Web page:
New Issue Presses for Journalism’s Next “Eureka” Moments
Posted: 1/10/2013 | By: Press Release | CJR
New York, NY (January 10, 2013)—Science propels our ability to evaluate the world; journalism should ensure our ability to understand it. For its January/February feature package, “Microcosms in Science Journalism,” CJR trains its microscopes and telescopes on the formidable frontiers facing modern reporters.
“I think the media have figured out how to be as excited as scientists are when scientists make an exciting discovery,” says Neil deGrasse Tyson. In an interview with CJR Observatory editor Curtis Brainard, the popular astrophysicist discusses coverage of the Higgs boson and NASA’s Curiosity rover, as well as the new primacy of science journalism. The health of modern society requires “informed judgment and informed leadership” at the front lines of science, says Tyson. “The news media are fundamental players in this.”
Science reporters must lucidly cover critical discoveries, as well as show appropriate skepticism. In his enterprising essay, “Survival of the Wrongest,” David Freedman examines how accurate reporting might magnify inaccurate findings.
“Even while following what are considered to be the guidelines of good science reporting,” Freedman argues, many journalists “still manage to write articles that grossly mislead the public.”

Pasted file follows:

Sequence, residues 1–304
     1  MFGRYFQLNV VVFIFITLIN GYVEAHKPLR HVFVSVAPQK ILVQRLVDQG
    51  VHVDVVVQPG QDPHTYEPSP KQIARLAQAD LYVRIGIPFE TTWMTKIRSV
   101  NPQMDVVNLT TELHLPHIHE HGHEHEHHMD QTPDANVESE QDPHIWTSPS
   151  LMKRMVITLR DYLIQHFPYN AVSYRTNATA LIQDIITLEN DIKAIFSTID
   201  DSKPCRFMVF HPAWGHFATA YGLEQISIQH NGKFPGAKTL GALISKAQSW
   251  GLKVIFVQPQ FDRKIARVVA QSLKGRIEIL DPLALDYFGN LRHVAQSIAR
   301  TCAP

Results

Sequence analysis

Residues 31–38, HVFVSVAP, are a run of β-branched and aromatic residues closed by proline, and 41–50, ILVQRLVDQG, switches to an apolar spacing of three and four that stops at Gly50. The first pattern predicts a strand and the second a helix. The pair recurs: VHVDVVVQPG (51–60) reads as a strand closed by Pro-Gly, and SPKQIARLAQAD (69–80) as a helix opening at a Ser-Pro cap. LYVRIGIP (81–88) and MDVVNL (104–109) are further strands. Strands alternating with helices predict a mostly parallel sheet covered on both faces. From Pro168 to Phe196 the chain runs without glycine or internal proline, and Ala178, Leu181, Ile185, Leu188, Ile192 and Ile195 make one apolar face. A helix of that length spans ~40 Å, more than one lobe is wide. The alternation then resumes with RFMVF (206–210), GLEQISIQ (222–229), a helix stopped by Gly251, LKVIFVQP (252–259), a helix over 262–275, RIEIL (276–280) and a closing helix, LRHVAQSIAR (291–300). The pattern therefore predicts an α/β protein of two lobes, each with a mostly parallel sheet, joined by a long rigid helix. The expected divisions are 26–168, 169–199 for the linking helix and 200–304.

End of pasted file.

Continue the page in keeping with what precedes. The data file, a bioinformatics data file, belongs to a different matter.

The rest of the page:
However, as Carl Sagan might remind us, “We are a way for the cosmos to know itself.” That line is tattooed on the torso of Huffington Post’s Cara Santa Maria, host of “Talk Nerdy to Me.” As Fred Schruers puts it in his profile, Santa Maria is that all-too-rare and necessary science journalist who strikes “a balance between substantive and scintillating, as a way to make science interesting and relevant to the masses.”
Alongside “Microcosms in Science Journalism,” the latest CJR also includes:
• Border crossing: Five correspondents survey the perils of foreign reporting in Pakistan, Sierra Leone, Turkey, Mexico, and North Korea.
• Darts & Laurels 2012: The CJR staff holds reporters to their resolutions with a two-page spread of last year’s most notable coverage and most unforgettable errors.